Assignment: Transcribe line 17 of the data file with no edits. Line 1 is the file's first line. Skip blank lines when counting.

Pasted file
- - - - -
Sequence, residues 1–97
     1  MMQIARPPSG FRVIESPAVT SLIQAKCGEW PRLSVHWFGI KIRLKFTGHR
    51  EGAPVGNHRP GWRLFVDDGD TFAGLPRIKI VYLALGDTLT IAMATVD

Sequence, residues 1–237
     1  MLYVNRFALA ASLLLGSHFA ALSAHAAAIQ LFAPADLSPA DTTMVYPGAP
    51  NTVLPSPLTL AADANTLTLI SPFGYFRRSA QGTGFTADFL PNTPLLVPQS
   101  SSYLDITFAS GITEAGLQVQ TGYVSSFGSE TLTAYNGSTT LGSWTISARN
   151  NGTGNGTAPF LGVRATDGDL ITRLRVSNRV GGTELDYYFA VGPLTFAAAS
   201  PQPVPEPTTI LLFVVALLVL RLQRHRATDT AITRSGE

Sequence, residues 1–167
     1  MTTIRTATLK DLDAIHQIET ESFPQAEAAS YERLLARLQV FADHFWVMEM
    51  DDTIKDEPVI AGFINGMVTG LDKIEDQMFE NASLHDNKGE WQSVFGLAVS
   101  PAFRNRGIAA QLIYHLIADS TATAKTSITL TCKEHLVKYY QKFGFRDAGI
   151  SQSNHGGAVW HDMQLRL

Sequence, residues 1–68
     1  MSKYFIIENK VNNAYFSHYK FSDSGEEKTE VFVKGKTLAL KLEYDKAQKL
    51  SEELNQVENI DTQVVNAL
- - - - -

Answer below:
    51  SEELNQVENI DTQVVNAL